The player's own character (known as Ryu, but you can pick the name if that doesn't suit you) is a young warrior of the Light Dragon Tribe. Of course, since nobody more competent is around, and Sara (the most powerful magician in the city) was taken away by Jade, Zog's henchman, it's your task to rise up against this really, really unpleasant fellow.

Ryu Bateson - your average anime youngster with blue hair - is a capable fighter, who is also able to fish. Later in the game, he gets the ability to morph into different dragon forms during combat. (I thought, when I heard this, that he'd become a gigantic monstrous fire-breathing horror. But actually, the dragon is a cute little one. Just as deadly, though. =)

There are others who join the party later on: Soon you meet Nina Winlan, a fae healer with wings and ability to turn into a bird, Bo, a wolf who can hunt and use offensive spells, and even later some other characters like Karn the thief, Ox the giant who can smash objects, Mogu the mole, Gobi the fishy merchant straight from the bottom of the seas, and an archmage called Bleu.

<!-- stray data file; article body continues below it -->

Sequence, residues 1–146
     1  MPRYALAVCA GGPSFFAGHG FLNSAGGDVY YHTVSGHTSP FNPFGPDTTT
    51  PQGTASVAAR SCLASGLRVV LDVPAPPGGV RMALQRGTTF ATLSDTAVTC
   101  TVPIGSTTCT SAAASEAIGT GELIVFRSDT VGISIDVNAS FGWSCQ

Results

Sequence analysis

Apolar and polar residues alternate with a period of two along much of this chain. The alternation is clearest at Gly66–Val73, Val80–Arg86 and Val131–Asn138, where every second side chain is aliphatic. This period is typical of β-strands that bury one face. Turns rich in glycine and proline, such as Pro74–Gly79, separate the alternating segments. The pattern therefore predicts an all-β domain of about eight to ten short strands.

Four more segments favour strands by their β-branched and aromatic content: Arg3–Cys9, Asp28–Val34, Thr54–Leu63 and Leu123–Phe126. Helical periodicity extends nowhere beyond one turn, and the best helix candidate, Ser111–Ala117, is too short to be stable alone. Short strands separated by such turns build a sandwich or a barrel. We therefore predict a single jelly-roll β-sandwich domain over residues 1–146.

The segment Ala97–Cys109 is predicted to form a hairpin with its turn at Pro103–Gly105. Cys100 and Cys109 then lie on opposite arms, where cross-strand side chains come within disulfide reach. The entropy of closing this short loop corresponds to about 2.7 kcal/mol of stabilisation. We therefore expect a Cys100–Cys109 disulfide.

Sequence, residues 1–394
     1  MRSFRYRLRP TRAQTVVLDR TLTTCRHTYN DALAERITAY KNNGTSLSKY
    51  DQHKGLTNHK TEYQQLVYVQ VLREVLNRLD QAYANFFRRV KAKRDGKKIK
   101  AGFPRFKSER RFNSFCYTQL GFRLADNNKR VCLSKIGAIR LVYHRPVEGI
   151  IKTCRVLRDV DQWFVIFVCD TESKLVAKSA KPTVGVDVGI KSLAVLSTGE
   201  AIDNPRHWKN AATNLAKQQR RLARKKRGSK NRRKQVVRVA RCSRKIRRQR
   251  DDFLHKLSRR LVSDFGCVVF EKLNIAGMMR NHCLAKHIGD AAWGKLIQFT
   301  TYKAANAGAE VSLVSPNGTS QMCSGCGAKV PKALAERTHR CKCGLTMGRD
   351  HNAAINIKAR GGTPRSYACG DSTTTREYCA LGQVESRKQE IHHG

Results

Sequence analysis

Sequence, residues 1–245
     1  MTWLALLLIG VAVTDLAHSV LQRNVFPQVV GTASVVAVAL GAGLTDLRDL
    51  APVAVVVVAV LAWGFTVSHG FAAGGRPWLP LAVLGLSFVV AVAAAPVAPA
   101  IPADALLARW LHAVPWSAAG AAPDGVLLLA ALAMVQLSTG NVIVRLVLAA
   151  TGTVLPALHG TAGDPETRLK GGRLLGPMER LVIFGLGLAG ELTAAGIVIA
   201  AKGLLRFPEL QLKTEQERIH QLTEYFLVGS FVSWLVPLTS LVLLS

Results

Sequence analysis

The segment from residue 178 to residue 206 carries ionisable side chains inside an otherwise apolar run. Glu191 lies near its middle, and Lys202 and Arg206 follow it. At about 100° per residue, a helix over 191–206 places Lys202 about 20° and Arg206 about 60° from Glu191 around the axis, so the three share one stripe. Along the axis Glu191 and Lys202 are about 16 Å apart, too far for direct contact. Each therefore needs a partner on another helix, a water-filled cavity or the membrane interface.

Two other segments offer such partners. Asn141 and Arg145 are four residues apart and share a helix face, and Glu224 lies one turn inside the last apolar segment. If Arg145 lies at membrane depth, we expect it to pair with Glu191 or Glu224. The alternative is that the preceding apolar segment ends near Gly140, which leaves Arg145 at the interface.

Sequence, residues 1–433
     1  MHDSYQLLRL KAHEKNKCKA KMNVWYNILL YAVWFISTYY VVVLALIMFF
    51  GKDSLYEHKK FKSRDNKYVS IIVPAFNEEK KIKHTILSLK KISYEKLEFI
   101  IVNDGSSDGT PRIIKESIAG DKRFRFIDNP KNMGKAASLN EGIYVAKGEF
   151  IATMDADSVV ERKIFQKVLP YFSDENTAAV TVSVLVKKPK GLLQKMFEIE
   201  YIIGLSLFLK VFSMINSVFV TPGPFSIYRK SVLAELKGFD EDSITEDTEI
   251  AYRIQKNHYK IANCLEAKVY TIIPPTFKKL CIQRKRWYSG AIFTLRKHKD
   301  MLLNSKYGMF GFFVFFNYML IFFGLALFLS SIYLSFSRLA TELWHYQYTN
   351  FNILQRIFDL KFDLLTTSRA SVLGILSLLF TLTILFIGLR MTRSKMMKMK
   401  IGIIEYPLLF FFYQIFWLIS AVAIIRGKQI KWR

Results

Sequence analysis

Truly, the rest of the journey is so epic that most people shudder after the sheer amount of Epic Bits the game has, but one thing is sure: The game is good.

What's wrong in SNES version and how they fixed it in GBA version?

The GBA version is a very faithful conversion of the original game, but luckily, the developers have listened to the critique over time and many of the major gripes about the user interface have been fixed. While the original may have been only an average game, these changes make the game more of a classic material - at least running through the swamp of Epic Story Elements is not slowed down by the UI.

There's a new "dash" command: Push down the B button, and you can run instead of sloooowwwlllyyy walking to your destination.

A new "quick save" option is definitely a bonus for a game that's developed for a portable platform. This save command is not as "permanent" as a normal save at the Dragon Shrines; if you die after starting a quick-saved game, you start from the shrine where you last saved the game.